Did Washington pass over to Valhalla at any particular moment? Probably not; only Hollywood can simplify the historical process to that extent. But if Washington had a finest hour, it came in 1797 when he voluntarily left the Presidency. His conduct in war, as leader of the Revolution, won him fame, but his conduct in peace, as first helmsman of the new Republic, won him immortality. In youth he craved war; in maturity he wisely avoided it. Rather than indulge in the popular practice of twisting the lion's tail, he sanctioned Jay's Treaty with England, which won precious years of peace for the wobbly young democracy.

"I heard the bullets whistle, and believe me, there is something charming in the sound," Washington wrote his half brother after a skirmish at Great Meadow in 1753. But the Washington of 1790 saw through the pomp and power of warfare; he would rather be on his farm than be made emperor of the world. When defeated men shun the ways of war, they show reconciliation; when victorious men abjure them, they show greatness.

Washington even resisted the powers of peace, which as king or dictator, he could have enjoyed in the vaguely united states. Like Cincinnatus, he not only wielded authority but relinquished it. Having the key to unlimited power challenged but did not corrupt him. Thomas Jefferson recorded an interesting remark of Washington's after a stormy cabinet session in which Jefferson and Hamilton worked over each other's backs with verbal daggers. Washington said, Jefferson reported, "he had never repented but once then having slipped the moment of resigning his office, and that was every moment since; that by God he had rather be in his grave than in his present situation." Here was a man who knew what Ecclesiastes meant when he talked of vanity and chasing after winds.

Why was Washington immortalized during his lifetime? The answer is complex, but at least four factors contributed. He was capable, aristocratic, commanding; he had the look and manner of greatness. He lived at a time, and participated in events, which aroused the heroic. His incredible patience and tenacity personified the colonies' noble but difficult cause. And he refused to usurp either military or civilian power; when the times that tried men's souls were past, he returned to the land.

The Revolution was America's baptism by fire. Those who saw the licking flames were well aware that souls were being tried. Under Washington's leadership petty jealousies were squelched and England was humbled. Through it all Washington never lost his vision--or aloofness. They never called him George. History, biography, oratory, journalism, poetry, art, and fiction all demonstrate that he is today, as in the past, just what Light Horse Harry Lee said he was in a well-turned metaphor: first in the hearts of his countrymen.

To judge by all the works written about him, one would conclude that Washington was a demigod who came to us flawless, to perform one of God's worthy and inspired projects, then to return to heaven. Paul Svinin, European visitor in 1815, observed that "Every American considers it his sacred duty to have a likeness of Washington in his home, just as we have the images of God's saints." Such adoration is even more amazing when one considers that Washington lived in the Age of Reason, dedicated to a rationalistic view of nature and humanity.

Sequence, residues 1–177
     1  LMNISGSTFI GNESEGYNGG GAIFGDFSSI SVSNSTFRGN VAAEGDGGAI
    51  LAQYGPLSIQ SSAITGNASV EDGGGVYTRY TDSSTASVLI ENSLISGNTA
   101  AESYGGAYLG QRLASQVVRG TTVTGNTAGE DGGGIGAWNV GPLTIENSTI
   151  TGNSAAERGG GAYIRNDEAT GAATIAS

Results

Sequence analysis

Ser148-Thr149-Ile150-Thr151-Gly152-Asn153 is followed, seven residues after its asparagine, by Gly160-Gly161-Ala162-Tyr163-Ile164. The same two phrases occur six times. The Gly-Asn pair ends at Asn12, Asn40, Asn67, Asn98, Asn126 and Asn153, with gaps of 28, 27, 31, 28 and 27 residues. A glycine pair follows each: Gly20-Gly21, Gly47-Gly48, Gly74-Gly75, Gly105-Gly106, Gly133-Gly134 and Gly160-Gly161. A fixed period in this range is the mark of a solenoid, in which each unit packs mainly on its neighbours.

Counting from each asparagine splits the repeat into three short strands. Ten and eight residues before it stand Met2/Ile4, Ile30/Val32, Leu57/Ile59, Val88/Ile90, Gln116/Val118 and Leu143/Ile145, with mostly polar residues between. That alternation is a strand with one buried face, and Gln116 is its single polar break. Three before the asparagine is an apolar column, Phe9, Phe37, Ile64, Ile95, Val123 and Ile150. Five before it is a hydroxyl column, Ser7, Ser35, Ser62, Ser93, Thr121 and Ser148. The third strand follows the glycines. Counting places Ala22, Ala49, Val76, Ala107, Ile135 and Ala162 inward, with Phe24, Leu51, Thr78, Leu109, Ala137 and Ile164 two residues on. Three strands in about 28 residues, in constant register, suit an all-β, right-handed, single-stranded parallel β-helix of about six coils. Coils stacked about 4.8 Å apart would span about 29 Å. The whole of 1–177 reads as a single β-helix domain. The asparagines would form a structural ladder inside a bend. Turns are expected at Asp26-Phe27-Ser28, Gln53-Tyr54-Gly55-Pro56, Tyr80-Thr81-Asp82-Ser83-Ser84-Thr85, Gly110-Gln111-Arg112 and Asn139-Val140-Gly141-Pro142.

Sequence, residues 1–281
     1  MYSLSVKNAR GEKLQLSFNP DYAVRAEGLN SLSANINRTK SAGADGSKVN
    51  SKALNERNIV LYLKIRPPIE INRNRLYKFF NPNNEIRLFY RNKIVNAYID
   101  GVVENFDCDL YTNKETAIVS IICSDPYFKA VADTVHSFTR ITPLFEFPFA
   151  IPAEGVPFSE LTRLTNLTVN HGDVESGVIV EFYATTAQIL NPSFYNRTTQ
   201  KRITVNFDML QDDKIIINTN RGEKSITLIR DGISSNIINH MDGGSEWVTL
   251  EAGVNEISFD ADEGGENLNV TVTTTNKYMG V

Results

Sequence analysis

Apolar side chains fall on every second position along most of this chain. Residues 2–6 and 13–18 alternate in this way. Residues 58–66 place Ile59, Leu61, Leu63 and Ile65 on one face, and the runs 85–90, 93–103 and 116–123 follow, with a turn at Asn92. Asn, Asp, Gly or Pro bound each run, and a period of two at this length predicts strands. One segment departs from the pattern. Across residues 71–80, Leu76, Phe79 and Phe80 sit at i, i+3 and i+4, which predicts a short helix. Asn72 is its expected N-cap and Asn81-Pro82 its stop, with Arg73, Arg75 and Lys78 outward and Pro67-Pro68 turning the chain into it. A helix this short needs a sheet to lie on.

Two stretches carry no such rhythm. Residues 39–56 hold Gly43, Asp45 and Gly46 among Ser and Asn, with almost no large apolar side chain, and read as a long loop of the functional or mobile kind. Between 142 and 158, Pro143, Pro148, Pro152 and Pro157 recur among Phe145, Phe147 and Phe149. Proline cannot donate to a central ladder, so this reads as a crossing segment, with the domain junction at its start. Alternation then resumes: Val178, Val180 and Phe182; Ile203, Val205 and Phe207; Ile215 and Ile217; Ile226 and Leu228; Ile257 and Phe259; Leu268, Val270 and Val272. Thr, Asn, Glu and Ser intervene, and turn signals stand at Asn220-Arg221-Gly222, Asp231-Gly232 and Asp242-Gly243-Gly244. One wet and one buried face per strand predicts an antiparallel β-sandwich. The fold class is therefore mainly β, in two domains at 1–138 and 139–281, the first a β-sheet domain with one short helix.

Adulation of Washington has, of course, risen and fallen with the changing times, as is true for any hero; but three massive peaks are clearly discernible. The first came with General Lafayette's visit to America in 1824, which reawakened all the revolutionary glow and reactivated the tongues of veterans who in all ages become more heroic as they are further removed from the battlefield. Lafayette's long and dramatic triumphant tour, which belonged to the poetry of history, evoked a flood of Washington worship. "I cannot write or speak the name of Washington without a contraction and dilation of the heart, if I do it irreverently," confessed John Neal.

The second peak was in 1847-48. America was at war with Mexico, fighting blood was bubbling, and newsstands were hawking Revolutionary thrillers and paper-backed Washington biographies. Coinciding with the war hysteria was the laying of the cornerstone of the capital's Washington Monument in 1848. Catherine Maria Sedgwick admitted his name conjured up a sentiment "resembling the awe of the pious Israelite when he approached the ark of the Lord." The Reverend J. N. Danforth compared Washington with Jesus, and his mother with Mary. The pronoun "Him" was capitalized in many accounts of Washington's life. Only the Protestant ethos saved him from canonization.

Part of this upsurge crystallized into the crusade to "save" Mount Vernon, which had become weedy in the generation after Washington's death. Ann Pamela Cunningham worked hard for this, as did the orator Edward Everett, who delivered his famous Washington oration 129 times between 1856 and 1860, trading his warmed-over words for cold cash. Mount Vernon was saved. It became, and still is, a public shrine. For a while, however, it looked as if Mount Vernon would be on the boundary of two nations instead of in the center of one. In the arguments leading to secession Washington's name was evoked by both sides; Northerners and Southerners were equally sure that a live Washington would have fought with them. When finally the split occurred, the Confederates chose George Washington to appear on their great seal, and a collateral descendant, Robert E. Lee, to lead them.

Washington's bicentennial year, 1932, was the tallest peak of all. Then America was brimming with nostalgia for the Father. The printed report of the Bicentennial Commission alone filled five huge volumes averaging 700 pages each. Over 16,000 celebrations were staged, featuring 4,760,245 separate programs. The man most responsible for all this, Representative Sol Bloom, we shall discuss presently.